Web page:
Decentralised identifiers (DIDs) are globally unique, highly available and cryptographically verifiable digital identifiers. They are typically represented as a Unique Resource Identifier (URI) that can point to a person, organisation, data model or any abstract entity.
The main difference between DIDs and traditional identifiers (e.g. email address or user account) is that they are not owned by any service provider or organisation. As such, they can be used across platforms and prevent vendor lock-in.
DIDs are a W3C standard and can be extremely effective at preserving user privacy, enhancing transparency and consent, enabling data portability and enforcing user control. DIDs can be used in identity management systems and provide superior security and encryption compared to passwords by using public/private key pairs instead. Thus, DIDs offer a different trust model to centralised identifiers. Specifically, DIDs form the basis of a Decentralised Public Key Infrastructure (DPKI) for the web.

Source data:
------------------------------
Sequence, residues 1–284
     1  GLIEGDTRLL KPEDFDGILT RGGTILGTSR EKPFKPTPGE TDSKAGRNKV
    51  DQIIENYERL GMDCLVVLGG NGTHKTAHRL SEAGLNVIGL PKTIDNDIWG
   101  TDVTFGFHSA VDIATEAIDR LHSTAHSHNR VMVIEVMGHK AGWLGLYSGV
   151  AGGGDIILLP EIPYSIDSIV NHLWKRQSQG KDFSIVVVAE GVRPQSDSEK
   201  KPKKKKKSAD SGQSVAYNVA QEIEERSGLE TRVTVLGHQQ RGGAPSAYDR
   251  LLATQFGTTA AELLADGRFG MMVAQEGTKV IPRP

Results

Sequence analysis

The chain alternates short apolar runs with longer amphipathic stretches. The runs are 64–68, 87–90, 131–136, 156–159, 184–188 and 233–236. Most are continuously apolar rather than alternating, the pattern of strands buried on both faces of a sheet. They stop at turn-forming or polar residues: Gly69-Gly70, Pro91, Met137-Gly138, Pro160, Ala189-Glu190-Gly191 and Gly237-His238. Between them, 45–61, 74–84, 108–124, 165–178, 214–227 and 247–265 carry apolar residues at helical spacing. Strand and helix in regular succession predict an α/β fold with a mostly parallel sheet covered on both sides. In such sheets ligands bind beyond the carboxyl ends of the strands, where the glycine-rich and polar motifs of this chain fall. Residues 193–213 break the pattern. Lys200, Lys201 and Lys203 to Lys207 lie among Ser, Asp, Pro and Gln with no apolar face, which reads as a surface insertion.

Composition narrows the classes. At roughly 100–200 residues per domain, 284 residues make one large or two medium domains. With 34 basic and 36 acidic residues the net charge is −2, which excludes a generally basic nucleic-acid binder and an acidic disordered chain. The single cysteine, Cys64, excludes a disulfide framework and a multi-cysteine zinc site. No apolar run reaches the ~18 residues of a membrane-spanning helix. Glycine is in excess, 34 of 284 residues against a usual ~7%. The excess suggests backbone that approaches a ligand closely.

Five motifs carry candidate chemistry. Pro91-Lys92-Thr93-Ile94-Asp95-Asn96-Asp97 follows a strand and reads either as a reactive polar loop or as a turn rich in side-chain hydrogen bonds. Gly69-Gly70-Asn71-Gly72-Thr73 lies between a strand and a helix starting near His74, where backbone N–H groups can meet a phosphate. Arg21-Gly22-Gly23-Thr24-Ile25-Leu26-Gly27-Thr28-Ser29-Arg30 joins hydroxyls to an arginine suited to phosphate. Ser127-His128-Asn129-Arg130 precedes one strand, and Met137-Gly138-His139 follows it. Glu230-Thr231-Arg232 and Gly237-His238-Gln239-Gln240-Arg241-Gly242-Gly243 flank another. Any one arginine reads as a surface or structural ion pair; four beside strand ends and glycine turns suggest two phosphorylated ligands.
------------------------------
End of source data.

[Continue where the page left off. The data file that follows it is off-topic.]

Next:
DIDs are classified according to their DID method. Each method defines a CRUD model to describe how a specific DID scheme works with a specific verifiable data registry such as a distributed ledger or blockchain. There are many dozens of DID methods that defined their own specifications and contributed their DID scheme to the W3C.
DIDs are used through a process known as DID resolution, which locates the registry where the DID is anchored (based on its DID method) and retrieves its corresponding DID document. This is a JSON document that contains cryptographic material such as public keys as well as ways to interact with the DID subject via service endpoints.